NHRA - National Hot Rod Association

Record run: The quickest pass in Pro Stock history

The one for the record books! Erica Enders crew chief, Mark Ingersoll, breaks down the quickest run in the history of NHRA's Pro Stock class
25 Mar 2022
Posted by NHRA.com staff


To give some perspective on the accomplishment that is Erica Enders running a 6.45 at 213.57 mph we caught up with Mark Ingersoll while he was testing in Tulsa to hear what went into the Elite Motorsports Chevrolet Camaro's record run.

Erica Enders0.0770.9662.7014.149169.765.3986.45213.57

Give us some insight on what the record-setting car is

The car was built by RJ Race Cars in 2018. It's our house car and the oldest car we have. It's been updated along the way and is fitted with a 2020 Camaro body. We've just worked over the years and developed that chassis. It's been back and forth with updates to get to where we're at right now. So all of our new cars are kind of built off that car. [Erica's] got a new car coming, but that's the car she's run since 2018. On the day of the record run, it was fit with a DRCE 4 engine with DRCE 2 heads. 

If you had to guess, or do you know how many runs is that car made?

Probably 300 passes.

Let's talk about the conditions on race day

You know, when you get conditions like that, especially when you go out there and you only have one qualifying run and you don't do something good there, you're gonna not be racing. So, you just got conditions. I've never raced them. So, you know, we've tested in that conditions a little bit like in Florida during the winter, but, you just never really race on that. And with the track being green, basically from all the rain, it was kind of nice knowing what it was gonna do. You know what I mean? So that comes in handy.

What was the prep like for that car that day?
It was just, we do the same thing over and over and over. We just punch in all of our numbers and we rely on all of our data and it spits out a number and you just gotta go with it. You know what I mean? So, just kind of nervous because like I said, the conditions were definitely different than we're used to racing in. And, being in the back, I think we were sixth pair outta eight that time. So I had kind of tuned on seven cars. So I had some cars in front of it too, so that kind of helped knowing what everybody's got and, by the time we ran, I felt pretty good about it.

When you say you punch in the numbers, what kinds of things are you changing?
You got fuel and timing for sure. Jake Harrison does the fuel-injection tuning, so I really don't have a lot to do with that. I do all the chassis, clutch, and tranny tuning—and all that other stuff.

Talk about the difference in the setup from the previous day of qualifying.
Well, it was real close as far as the car set up, but just a different transmission, different rear end, of course. Different plus because the air was different. Okay. And that first qualifying run, the last thing I wanted to do was go out there and not qualify. You know what I mean? So we were kind of laid up on that first one and even on Aaron's car when he went to 46, on Saturday, I guess. I mean we knew what that was, so we knew how fast her car would be. We weren't going out there to run a 46. We were going out there to make it a nice run and it just, it just happened to do it, her car on that run went a little bit left and got out of the groove cause the truck was green and it was pretty loosely third gear and fourth gear. So, that kind of hurt her run, but you know, we knew we could correct all that. And I figured we would run that's about what I thought we'd run since he ran the .46 on Saturday. I thought we and .45 on Sunday, so it was kind of expected—but you never know—you know what I mean? But that's kind of what it should have ran.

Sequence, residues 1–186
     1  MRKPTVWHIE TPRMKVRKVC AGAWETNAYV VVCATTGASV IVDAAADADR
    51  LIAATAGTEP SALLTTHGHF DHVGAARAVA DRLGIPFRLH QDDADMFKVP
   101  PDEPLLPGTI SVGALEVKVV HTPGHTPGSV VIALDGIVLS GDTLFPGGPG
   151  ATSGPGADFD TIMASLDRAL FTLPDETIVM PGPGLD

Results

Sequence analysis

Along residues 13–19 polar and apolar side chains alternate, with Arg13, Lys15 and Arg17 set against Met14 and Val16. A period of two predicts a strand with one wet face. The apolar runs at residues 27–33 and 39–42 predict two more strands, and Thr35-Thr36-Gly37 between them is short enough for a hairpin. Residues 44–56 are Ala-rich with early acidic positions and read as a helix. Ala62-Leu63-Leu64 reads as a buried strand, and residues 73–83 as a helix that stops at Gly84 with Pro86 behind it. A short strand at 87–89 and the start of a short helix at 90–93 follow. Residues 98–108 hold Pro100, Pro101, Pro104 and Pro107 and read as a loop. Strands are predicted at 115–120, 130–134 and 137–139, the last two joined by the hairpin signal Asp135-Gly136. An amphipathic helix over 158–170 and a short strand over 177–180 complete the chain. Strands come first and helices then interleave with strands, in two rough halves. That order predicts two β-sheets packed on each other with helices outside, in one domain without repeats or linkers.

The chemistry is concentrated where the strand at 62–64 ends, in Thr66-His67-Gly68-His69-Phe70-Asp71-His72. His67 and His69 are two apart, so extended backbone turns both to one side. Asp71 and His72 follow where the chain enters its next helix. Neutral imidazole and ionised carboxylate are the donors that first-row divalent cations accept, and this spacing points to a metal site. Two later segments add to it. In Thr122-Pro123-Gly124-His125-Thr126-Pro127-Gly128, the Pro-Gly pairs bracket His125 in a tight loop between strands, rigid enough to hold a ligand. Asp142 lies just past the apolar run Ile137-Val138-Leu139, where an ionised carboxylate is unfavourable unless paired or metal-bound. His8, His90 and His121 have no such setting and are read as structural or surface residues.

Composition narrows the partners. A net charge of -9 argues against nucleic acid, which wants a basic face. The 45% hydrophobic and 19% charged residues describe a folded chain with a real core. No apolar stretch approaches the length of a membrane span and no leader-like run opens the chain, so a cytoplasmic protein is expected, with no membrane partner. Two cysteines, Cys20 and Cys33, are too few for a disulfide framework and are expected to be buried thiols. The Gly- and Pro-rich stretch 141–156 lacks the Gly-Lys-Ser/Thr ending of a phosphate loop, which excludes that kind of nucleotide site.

We went to work over the winter and we knew we were down from last year. Like last year we were, you know, we just weren't fast enough. And we went to work this winter and tested quite a bit. And then we went to Bakersfield before Pomona and so we felt really good with what we've done. You never know until you get to Pomona and then, uh, when everybody's running on the same track and that looked really good.

Let's talk about the conditions of that day

I was kind of hesitant because you just don't ever get to run in conditions like those. I was confident in the car. How the track will take the power is the thing you never know, we have a machine that again, spits out a number, but a lot of times that thing doesn't tell all, you know what I mean? So, I felt pretty good about it, but just like I said, you never know. And then for [Erica] to be in the sixth pair out and having cars up in front of hers, you know, I kind of knew where everything was there. So I see, I was able to, you know, gain some confidence there for sure.

What else stands out about that run?

For me it's always, just giving her a chance to win. She usually rises to the occasion and I learned from being with her for years now that I just gotta give her a car, and let her do her thing. I felt good when it left and if it looks really good in low [gear] and goes in the second gear, it's gonna be fast. So once it left, I thought, 'that's pretty good,' you know what I mean?

And then the number popped up and you're so amped up about the run cause usually when she runs that much faster—she's going to win.

Give us some perspective on how much more power the car was making that day.

It was a 5 to 6 percent increase on a 1,500-hp engine, so figure about 60 hp more than what we normally see.